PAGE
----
When I was a young child, one of my favorite things to do was to take two frozen orange juice concentrate cans (a staple in almost everyone’s home in the sixties), get one of my parents to hammer a hole into the base of each and then thread a single piece of string to connect both cans. Whispering messages to my friends in this magic way as we engage in imaginary play would keep us entertained for very long periods of time.
I’m not sure if children still play those games in this era of electronic communication. I do know that while I greatly appreciate the connectivity that is available to us today, a part of me longs for the simplicity of landline phones and communication of events via hard copies of newsletters and flyers sent home with a child at day’s end.
It is conventional wisdom that the most important thing in a relationship is communication. With email, texts and social media added to the previous communications arsenal of phones, flyers, and posters, it is beginning to feel like we have entered an era of over-communication. We are literally bombarded with information throughout our waking hours, and it is easy for things to get lost. Important communication can at times become like white noise. I can’t tell you the number of times I run into parents who have no idea about a major school event that has been advertised in multiple ways over multiple weeks. A few years ago I sent out a poll to parents to ask them the frequency with which they would like to receive communication. The answers were split down the middle: half said no more than once a week, the other half said at least once a day. In fact, I regularly get complaints from parents on both sides of this divide – either the school doesn’t communicate enough or we are communicating too much. We strive to keep communication concentrated around Hashavua, room parent emails and teacher classroom communication. As we track the “open rates” of our weekly constant contact transmission of Hashavua, we can see that anywhere from 2/3 to 3/4 of parents open the communication. Considering that in many cases the newsletter is sent to two parents in a family, that gives me reasonable assurance that the majority of people are receiving our communications. Due to the Head of School search process, a few additional emails were sent out last week. I’ve heard from a couple of people who claim that they did not receive those emails. If you fall into that category, please let me know so that we can look into it.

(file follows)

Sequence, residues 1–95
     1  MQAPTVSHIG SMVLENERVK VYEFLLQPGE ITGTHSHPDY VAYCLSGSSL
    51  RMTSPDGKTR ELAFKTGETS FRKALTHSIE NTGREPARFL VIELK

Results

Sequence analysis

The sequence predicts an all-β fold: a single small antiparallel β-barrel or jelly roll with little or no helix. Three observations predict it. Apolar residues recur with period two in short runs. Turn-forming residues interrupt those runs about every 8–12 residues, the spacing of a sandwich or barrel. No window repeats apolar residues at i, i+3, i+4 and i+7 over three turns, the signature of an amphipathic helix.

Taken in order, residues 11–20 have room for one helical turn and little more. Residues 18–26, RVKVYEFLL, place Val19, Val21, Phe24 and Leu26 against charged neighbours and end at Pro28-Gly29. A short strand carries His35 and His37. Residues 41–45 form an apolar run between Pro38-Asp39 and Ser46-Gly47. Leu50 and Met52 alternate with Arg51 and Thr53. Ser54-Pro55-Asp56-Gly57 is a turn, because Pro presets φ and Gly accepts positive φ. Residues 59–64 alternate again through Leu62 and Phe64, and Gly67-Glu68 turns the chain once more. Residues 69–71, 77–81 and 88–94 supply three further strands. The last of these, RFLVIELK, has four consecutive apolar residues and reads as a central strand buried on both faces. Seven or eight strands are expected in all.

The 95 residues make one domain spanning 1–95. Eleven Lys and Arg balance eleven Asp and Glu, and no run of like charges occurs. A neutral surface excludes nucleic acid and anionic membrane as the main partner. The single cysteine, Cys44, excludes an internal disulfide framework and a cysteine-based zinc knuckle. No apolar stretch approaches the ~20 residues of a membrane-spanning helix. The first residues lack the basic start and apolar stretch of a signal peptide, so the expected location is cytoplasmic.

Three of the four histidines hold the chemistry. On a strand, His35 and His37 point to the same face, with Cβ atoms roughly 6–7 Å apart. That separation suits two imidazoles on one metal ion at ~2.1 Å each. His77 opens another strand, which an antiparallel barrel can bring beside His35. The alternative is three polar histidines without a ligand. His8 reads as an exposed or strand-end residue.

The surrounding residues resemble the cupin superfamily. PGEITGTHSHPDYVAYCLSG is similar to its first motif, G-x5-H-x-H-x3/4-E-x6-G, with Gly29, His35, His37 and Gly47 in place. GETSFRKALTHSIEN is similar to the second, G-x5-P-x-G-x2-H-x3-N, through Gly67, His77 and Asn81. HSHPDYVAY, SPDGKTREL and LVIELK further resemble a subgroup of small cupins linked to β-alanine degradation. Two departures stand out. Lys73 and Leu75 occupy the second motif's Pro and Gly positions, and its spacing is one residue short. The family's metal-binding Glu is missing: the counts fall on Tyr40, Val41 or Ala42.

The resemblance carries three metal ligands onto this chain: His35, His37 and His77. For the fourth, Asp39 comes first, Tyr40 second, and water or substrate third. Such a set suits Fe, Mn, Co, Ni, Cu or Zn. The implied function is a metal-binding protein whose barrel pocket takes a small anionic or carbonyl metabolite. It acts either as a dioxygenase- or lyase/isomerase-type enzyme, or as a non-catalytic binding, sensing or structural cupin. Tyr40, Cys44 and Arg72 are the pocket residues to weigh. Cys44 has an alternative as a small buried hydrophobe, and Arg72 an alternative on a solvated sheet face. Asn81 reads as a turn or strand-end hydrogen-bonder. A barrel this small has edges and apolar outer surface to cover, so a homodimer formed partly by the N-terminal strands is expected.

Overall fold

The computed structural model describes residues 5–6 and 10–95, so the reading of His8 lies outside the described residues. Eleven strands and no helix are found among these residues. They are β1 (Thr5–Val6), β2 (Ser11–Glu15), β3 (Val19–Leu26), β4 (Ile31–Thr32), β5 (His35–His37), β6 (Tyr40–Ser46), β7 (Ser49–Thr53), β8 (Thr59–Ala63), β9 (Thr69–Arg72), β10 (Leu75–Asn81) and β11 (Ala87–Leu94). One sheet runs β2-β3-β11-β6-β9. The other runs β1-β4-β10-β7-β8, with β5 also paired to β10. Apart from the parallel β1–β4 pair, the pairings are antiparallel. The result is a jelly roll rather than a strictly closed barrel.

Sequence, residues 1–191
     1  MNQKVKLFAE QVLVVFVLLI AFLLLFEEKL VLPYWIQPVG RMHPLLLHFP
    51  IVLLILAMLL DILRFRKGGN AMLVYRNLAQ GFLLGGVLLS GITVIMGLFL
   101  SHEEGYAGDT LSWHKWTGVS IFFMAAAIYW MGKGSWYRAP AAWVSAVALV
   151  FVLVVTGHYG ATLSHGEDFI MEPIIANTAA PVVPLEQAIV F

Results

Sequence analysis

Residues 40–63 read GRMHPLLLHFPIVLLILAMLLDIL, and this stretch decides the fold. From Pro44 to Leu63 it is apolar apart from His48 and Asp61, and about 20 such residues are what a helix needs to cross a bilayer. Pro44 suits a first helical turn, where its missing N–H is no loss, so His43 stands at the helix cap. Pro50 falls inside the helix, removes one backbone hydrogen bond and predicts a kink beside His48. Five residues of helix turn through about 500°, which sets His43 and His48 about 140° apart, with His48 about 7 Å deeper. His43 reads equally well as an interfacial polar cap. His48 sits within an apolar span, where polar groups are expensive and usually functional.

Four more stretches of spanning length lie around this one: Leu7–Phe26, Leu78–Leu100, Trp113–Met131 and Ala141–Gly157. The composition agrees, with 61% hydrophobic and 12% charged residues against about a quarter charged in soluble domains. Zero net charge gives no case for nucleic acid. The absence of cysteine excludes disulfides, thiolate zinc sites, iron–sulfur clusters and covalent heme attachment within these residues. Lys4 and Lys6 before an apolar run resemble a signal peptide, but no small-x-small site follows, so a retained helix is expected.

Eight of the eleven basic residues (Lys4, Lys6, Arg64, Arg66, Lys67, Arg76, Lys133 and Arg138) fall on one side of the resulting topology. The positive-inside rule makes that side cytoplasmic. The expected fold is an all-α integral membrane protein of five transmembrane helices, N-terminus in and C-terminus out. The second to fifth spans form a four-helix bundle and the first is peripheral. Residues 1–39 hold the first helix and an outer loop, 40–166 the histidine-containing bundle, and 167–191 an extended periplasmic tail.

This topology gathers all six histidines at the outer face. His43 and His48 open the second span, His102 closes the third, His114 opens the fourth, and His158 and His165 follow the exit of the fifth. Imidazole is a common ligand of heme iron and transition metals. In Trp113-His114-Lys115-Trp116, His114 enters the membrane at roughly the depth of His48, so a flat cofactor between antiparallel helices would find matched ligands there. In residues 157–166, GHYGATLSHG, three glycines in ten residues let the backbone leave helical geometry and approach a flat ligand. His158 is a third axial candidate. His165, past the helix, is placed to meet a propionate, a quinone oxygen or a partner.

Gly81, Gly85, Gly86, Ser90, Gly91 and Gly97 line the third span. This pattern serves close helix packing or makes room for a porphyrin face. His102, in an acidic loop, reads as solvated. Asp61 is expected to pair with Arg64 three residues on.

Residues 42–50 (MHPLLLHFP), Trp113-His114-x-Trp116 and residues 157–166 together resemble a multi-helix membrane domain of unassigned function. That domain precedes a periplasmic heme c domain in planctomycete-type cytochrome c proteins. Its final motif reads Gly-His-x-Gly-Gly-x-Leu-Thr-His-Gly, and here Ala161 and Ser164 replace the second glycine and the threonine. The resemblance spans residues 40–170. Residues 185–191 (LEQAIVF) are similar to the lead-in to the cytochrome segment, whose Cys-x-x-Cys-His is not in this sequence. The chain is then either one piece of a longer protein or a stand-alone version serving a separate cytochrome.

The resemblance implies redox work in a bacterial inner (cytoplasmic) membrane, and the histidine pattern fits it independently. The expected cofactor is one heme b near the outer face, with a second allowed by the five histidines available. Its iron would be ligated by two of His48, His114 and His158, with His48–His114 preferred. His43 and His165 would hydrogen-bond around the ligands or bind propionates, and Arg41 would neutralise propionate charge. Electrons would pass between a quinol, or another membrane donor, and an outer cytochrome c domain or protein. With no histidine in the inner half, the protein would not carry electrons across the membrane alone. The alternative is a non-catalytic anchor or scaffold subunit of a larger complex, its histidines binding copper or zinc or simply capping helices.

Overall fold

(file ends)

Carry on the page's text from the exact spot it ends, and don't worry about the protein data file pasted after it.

As the “people of the book”, Jews have historically invested in communication, producing the Torah and the Talmud as well as countless other tomes that have been read and discussed for generations. We are commanded to “speak these words” in the ve’ahavta. The commandment to communicate the story of the Exodus is an annual rite at seder tables around the globe. And while school communications may not be of the same magnitude as these historical texts, they are nonetheless relevant to the daily experience of our families at the moment. In any event, if you have read this far, I’d like to express my gratitude for doing your part in staying informed and connected! Shabbat Shalom -Zvi